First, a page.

Tuesday, April 17, 2012

Buy Idaho Sunday Market is a Somewhat-Local Trading Post

Posted By on Tue, Apr 17, 2012 at 8:42 AM

Visitors entering the Linen Building on April 15 were greeted by a bevy of tables, each festooned with colorful products. More than a dozen Idaho businesses registered to showcase their products at the inaugural Buy Idaho Sunday Market.

At a table to the left of the entrance, Ingrid Andrulis said she was just starting out.

"I want to get more into fashion," said Andrulis, sitting behind a table covered in jewelry.

Ingrid Andrulis markets her handmade jewelry at the Buy Idaho Sunday market.
  • Ingrid Andrulis markets her handmade jewelry at the Buy Idaho Sunday Market.

Her offerings included blown-glass beaded necklaces, bracelets and earrings. She said she had moved to Boise two years ago from Oregon.

"I'm trying to get my business going while working as a legal aide," she added.

Nearby were booths by Glow Soy candles, Steph's "Seriously Good" Salsa and the Canyon County Bitner Vineyards. On the opposite side of the room was a booth for Aloette Beauty Products, sold locally by Stephanie Jarvis. But the products aren't exactly Idaho-made.

"The company is based out of Atlanta, Ga.," said Sandy Anderson, executive director for Buy Idaho. "She's a local representative for it. It's similar to Scentsy or a Mary Kay type of situation where they sell products out of local markets."

However with Scentsy, the "local" branding is more accurate: the company's headquarters are in Meridian.

"We have people who produce the products here in Idaho," said Anderson, "and then we have members who are retailing products that aren't necessarily made here, but they're selling products, they're contributing sales tax and they're contributing to the local economy. And that's really what's required of being a member of Buy Idaho."

In the corner, Long Valley coffee packets hung on a rack near an antique ice box. A table covered in vases cradling flowers stood near a rack of rubs and marinades from the Starlight Herb and Spice Company. Over the course of an hour, dozens of patrons filtered in for a sampling of Idaho goods.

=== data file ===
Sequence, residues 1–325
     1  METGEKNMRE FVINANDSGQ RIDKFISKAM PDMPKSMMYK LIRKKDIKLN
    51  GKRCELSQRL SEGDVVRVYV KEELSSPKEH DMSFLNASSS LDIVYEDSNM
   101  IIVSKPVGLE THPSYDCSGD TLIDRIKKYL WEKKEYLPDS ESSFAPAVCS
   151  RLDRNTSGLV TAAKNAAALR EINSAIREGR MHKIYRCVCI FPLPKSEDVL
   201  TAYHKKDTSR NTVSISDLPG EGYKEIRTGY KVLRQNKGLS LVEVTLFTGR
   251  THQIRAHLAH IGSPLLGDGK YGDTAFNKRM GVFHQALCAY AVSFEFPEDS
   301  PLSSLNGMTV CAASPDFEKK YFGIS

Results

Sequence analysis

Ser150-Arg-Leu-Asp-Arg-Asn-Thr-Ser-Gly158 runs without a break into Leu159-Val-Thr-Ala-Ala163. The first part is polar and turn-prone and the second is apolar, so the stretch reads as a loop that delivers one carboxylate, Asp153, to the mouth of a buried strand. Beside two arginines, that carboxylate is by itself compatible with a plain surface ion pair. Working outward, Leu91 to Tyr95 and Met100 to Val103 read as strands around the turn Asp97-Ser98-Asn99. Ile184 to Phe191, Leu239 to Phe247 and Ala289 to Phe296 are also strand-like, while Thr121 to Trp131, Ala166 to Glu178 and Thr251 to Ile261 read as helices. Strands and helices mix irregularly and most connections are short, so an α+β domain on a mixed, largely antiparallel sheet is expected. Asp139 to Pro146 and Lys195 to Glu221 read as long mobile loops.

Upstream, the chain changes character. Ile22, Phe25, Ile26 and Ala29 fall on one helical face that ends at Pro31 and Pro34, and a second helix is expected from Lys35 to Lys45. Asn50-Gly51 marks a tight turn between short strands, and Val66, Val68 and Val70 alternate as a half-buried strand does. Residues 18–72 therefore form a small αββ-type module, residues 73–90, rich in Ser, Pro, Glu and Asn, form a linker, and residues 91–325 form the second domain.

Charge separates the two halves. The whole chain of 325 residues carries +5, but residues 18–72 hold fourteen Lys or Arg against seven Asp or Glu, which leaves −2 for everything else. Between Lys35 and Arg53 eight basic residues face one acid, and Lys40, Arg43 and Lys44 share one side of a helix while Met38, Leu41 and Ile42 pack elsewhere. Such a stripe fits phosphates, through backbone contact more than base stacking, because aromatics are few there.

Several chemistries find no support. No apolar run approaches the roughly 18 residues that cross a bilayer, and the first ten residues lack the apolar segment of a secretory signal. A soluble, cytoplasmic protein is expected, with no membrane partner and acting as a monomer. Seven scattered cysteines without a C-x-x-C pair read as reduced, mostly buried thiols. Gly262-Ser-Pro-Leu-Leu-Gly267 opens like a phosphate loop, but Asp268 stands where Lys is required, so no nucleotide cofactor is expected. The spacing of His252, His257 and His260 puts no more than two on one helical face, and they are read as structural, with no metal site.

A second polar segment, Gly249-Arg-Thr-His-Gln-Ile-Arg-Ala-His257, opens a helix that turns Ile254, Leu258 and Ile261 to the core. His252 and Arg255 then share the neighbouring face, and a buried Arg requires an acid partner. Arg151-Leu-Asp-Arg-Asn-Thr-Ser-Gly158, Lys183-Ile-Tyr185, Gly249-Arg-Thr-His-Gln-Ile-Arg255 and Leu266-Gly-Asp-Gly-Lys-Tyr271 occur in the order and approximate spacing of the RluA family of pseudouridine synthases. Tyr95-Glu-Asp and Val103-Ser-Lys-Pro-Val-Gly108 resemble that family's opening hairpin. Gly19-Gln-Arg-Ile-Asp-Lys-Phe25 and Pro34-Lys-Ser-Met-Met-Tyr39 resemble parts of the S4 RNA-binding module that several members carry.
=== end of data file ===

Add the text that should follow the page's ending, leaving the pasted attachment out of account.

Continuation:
The burlap
  • The burlap Idaho Hankie is emblazoned with a cowboy's visage.

Patrick Nauman's table was covered in chocolates, wrapped in brightly colored cellophane or foil. His family business, Weiser Classic Candy, is located 70 miles outside of Boise in downtown Weiser, and offers 200 varieties of handcrafted specialties, including blue- and orange-colored Boise State sweets.

Chocolates from Weiser Classic Candy in Weiser.
  • Chocolates from Weiser Classic Candy in Weiser.

"You have to do Vandals, too," remarked a woman eying the table. "I have stockings to stuff come December."

"They're in production," responded Nauman. "We should have them available soon. We have a Bengal, a Vandal and a Bronco in our family."

Nauman said that his family bought the company five years ago. Their production is now housed in a 3,000-square-foot facility in downtown Weiser.

"I already sold out of my dark chocolate and toffee assortments," said Nauman, bidding a family goodbye as their young daughter's hands clutched a sampler pack of treats.

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